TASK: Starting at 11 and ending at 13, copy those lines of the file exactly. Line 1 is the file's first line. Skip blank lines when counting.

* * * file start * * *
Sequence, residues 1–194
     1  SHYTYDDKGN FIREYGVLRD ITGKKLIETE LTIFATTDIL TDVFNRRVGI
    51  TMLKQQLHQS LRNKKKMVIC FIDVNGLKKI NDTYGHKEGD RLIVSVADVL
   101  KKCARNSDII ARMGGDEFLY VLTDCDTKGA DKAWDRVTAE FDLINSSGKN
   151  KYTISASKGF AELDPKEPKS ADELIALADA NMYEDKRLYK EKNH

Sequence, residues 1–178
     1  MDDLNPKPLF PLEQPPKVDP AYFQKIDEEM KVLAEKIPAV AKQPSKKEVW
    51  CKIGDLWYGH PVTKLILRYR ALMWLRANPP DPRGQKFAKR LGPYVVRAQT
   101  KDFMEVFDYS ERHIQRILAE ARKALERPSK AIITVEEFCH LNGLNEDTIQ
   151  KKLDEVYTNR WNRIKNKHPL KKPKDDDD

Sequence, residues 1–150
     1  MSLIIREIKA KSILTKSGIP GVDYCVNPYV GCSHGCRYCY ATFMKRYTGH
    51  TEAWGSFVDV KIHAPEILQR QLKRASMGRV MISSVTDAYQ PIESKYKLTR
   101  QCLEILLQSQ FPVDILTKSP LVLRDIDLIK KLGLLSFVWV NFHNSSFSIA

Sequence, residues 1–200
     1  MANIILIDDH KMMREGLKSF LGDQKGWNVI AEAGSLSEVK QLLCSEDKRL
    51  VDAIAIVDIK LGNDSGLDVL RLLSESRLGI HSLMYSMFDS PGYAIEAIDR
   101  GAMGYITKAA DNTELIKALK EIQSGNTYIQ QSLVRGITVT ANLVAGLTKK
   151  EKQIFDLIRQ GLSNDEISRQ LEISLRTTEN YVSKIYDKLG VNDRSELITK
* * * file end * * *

Sequence, residues 1–150
     1  MSLIIREIKA KSILTKSGIP GVDYCVNPYV GCSHGCRYCY ATFMKRYTGH
    51  TEAWGSFVDV KIHAPEILQR QLKRASMGRV MISSVTDAYQ PIESKYKLTR